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 'Paramagnetic Contrast Agents' 
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Result : Searchterm 'Paramagnetic Contrast Agents' found in 4 terms [] and 19 definitions []
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Paramagnetic Contrast AgentsInfoSheet: - Contrast Agents - 
Intro, Overview, 
Characteristics, 
Types of, 
etc.MRI Resource Directory:
 - Contrast Agents -
 
Magnetic relaxation in tissues can be enhanced using contrast agents. The most commonly used for MRI are the paramagnetic contrast agents, which have their strongest effect on the T1, by increasing T1 signal intensity in tissues where they have accumulated.
MRI collects signal from the water protons, but the presence of these contrast agents enhances the relaxation of water protons in their vicinity. Paramagnetic contrast agents contain magnetic centers that create magnetic fields approximately one thousand times stronger than those corresponding to water protons. These magnetic centers interact with water protons in exactly the same way as the neighboring protons, but with much stronger magnetic fields, and therefore, have a much greater impact on relaxation rates, particularly on T1. In MRI, contrast agents are routinely injected intravenously to help identify areas of hypervascularity, as in malignant tumors.
See also Contrast Agents, Gadovist®, MultiHance®, Omniscan®, OptiMARK®.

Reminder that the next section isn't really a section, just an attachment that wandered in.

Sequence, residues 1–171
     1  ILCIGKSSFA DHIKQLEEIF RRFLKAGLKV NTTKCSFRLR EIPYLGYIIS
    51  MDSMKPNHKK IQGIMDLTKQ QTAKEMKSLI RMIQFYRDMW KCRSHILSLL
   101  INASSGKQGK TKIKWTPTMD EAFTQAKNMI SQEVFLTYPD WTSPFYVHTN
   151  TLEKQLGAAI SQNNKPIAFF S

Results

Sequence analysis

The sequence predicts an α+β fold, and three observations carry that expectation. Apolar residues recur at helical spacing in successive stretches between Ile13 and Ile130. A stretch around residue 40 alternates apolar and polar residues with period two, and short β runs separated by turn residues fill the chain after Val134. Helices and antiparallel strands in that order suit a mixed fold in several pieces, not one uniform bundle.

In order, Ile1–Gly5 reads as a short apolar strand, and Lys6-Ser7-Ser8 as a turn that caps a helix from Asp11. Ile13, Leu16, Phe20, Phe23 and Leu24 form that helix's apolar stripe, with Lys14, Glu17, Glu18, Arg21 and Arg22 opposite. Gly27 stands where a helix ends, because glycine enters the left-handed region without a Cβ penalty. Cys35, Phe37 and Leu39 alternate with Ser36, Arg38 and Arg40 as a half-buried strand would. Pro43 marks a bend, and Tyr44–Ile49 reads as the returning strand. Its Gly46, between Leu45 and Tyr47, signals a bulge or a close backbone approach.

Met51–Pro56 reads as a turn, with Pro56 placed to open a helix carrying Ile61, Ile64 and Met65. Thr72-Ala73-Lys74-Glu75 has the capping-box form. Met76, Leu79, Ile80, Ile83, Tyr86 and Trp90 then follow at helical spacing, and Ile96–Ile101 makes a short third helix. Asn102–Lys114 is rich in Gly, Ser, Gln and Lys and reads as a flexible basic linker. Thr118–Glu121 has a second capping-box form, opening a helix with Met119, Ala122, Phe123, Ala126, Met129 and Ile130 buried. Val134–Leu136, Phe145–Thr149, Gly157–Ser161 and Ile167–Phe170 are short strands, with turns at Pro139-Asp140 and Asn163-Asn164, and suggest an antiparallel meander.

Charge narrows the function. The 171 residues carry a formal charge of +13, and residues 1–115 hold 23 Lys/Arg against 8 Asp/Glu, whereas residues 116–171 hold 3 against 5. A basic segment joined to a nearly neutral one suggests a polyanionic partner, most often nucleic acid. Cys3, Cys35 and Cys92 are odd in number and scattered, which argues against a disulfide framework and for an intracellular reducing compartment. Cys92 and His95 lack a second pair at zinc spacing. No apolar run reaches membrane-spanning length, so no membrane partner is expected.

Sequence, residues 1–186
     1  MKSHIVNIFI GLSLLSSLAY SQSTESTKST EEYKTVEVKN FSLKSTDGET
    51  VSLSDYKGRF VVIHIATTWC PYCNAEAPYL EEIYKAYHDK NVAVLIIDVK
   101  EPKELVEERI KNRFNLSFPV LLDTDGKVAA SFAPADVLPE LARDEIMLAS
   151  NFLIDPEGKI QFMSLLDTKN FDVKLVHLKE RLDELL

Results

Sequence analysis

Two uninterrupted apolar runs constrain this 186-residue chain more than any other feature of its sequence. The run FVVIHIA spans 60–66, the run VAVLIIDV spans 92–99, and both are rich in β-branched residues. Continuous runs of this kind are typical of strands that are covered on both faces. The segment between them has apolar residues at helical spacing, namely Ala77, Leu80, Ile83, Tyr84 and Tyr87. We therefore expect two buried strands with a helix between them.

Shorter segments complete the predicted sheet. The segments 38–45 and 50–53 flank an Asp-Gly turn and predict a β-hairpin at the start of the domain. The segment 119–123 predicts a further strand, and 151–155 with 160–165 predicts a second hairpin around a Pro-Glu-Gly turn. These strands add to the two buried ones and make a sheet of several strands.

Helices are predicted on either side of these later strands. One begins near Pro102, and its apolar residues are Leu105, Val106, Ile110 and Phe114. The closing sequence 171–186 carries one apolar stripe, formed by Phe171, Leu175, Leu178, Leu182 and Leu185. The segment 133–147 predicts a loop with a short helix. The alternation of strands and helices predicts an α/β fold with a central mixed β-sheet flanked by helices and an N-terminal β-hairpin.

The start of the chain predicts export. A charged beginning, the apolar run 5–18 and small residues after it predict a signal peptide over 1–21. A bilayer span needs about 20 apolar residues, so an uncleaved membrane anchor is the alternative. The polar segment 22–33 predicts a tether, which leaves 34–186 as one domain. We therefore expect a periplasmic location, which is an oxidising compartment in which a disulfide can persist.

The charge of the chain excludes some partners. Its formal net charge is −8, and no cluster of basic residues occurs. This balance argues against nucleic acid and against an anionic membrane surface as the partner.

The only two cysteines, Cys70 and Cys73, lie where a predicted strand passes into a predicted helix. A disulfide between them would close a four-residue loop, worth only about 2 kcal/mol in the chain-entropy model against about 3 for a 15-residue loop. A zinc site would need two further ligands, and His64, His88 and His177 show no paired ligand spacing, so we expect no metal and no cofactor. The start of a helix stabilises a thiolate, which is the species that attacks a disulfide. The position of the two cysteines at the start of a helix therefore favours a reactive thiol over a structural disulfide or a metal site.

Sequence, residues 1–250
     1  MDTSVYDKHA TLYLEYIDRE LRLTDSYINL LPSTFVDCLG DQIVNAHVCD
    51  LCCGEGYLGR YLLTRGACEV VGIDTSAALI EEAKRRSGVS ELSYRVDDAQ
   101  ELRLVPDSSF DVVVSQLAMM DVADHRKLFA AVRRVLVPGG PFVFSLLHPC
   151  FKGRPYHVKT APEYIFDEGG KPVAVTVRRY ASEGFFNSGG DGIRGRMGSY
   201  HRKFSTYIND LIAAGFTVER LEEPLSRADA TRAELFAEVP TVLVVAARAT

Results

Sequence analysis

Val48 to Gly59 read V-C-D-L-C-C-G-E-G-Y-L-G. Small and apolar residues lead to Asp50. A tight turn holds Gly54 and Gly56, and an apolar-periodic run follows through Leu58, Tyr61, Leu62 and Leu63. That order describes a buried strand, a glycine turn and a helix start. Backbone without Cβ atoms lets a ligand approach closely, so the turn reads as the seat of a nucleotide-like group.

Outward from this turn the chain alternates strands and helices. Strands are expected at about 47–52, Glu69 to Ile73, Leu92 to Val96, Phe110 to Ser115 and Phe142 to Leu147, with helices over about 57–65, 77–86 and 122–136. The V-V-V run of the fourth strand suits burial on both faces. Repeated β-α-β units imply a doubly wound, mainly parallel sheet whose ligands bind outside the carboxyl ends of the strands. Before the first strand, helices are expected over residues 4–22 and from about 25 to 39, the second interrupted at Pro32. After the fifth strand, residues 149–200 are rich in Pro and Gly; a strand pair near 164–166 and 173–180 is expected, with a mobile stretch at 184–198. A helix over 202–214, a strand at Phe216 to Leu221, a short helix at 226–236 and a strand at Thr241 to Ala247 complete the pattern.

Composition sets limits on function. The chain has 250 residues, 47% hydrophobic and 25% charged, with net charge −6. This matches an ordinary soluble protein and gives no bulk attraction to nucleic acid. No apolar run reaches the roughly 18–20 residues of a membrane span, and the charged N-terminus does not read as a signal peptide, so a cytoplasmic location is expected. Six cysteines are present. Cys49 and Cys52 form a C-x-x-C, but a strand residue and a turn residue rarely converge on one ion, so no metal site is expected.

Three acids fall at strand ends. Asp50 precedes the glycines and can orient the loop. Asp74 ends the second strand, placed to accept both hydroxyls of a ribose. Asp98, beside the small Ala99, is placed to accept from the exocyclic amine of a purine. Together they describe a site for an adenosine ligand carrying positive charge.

See also the related poll result: 'The development of contrast agents in MRI is'
 
Images, Movies, Sliders:
 MRI Upper Abdomen T1 with Contrast  Open this link in a new window
    
 MRI Orbita T1  Open this link in a new window
 MRI Orbita T1 with Contrast  Open this link in a new window
    
 
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• Related Searches:
    • Chelate
    • T1 Relaxation
    • Oral Contrast Agents
    • Hepatobiliary Contrast Agents
    • Nephrogenic Systemic Fibrosis
 
Further Reading:
  Basics:
LEARNING CENTER FOR PARAMAGNETISM
2003   by www.naturesalternatives.com    
Contrast Agents: Safety Profile
   by www.clinical-mri.com    
Contrast Agents in Magnetic Resonance Imaging
1997
  News & More:
Gadolinium-containing contrast agents: removal of Omniscan and iv Magnevist, restrictions to the use of other linear agents
Friday, 5 January 2018   by www.gov.uk    
EMA's final opinion confirms restrictions on use of linear gadolinium agents in body scans
Friday, 21 July 2017   by www.ema.europa.eu    
FDA Drug Safety Communication: FDA warns that gadolinium-based contrast agents (GBCAs) are retained in the body; requires new class warnings